This is known as the portfolio rebalancing effect, and it brings benefits. For instance, if extra demand causes the price of certain shares or corporate debt to increase, the cost of borrowing for the companies in question will fall. This lowers the cost of borrowing across the economy.
Second, the purchase of government debt from banks gives them more money to potentially lend. This is reversed when the QE programme ends. Third, the asset purchases create stability. During the great financial crisis, one of the greatest impacts of QE was to signal to financial markets that the central banks were serious about sustaining economic recovery with a loose monetary policy that kept interest rates low.
Risks and consequences
The key question about QE is whether giving governments breathing space to borrow, while loosening monetary policy, will have unforeseen consequences. After the 2007-09 crisis, there were concerns that QE would drive up asset prices and cause people to take excessive risks. There is evidence that this did happen.
This time around, we have already seen stock markets surging. The S&P 500 is up 43% since mid-March. Linked to this are concerns that unwinding a very large QE programme at the end of the crisis could destabilise markets – note that the QE injections following the previous crisis have never been completely reversed.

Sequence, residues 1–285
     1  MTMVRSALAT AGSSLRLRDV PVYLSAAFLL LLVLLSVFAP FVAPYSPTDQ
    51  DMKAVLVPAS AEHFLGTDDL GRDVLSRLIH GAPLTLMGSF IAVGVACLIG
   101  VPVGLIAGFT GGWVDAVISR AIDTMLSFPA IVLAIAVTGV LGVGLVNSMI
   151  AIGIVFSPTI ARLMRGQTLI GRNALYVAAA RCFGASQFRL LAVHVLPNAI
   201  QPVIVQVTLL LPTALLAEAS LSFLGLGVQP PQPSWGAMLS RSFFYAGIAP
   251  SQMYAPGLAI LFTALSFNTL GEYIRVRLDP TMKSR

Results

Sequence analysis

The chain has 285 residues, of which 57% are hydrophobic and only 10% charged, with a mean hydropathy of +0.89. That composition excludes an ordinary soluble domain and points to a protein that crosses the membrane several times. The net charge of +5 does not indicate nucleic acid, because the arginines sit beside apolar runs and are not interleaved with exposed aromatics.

Another worry is that QE may be insufficient to stimulate demand in the economy after a crisis as deep as that caused by COVID-19. Some economists, such as Jordi Gali and Refet Gürkaynak and Deborah Lucas, are arguing for a so-called “helicopter drop” of money to support fiscal policy.
What they mean is central banks giving new money direct to their governments that would never need to be repaid – known as direct monetary financing. This would remove the need for those governments to issue extra debt to the markets.
It’s probably too early to resort to such financing, without seeing how long the crisis lasts and how effective QE is in supporting governments in debt financing. Meantime, more could be done to spread the debt burden across several generations.
For example, governments could issue debt with very long maturity dates like 50 or 100 years, or even debt that never matures – so-called perpetual debt or consols – as is common in war-time finance. The UK chancellor, Rishi Sunak, is currently being urged by many in his party to think along these lines.
It is also important to realise that direct monetary financing is not a free lunch.
Regrettably, there is no magic money tree in economics. Ultimately current government spending is a claim on real resources that has to be financed either directly through future taxes and growth or lower future spending, or through future inflation (which is a tax on money and creditors).
The crisis will, however, mark a change in the relationship between governments and central banks. Blurring the boundaries between the two, even through QE, requires them to co-ordinate their actions much more closely. In the post-COVID era, the notion that central banks are independent of governments is bound to be somewhat diminished.
[box type=”note” align=”” class=”” width=””]Anton Muscatelli, Principal and Vice Chancellor, University of Glasgow
This article is republished from The Conversation under a Creative Commons license. Read the original article. [/box]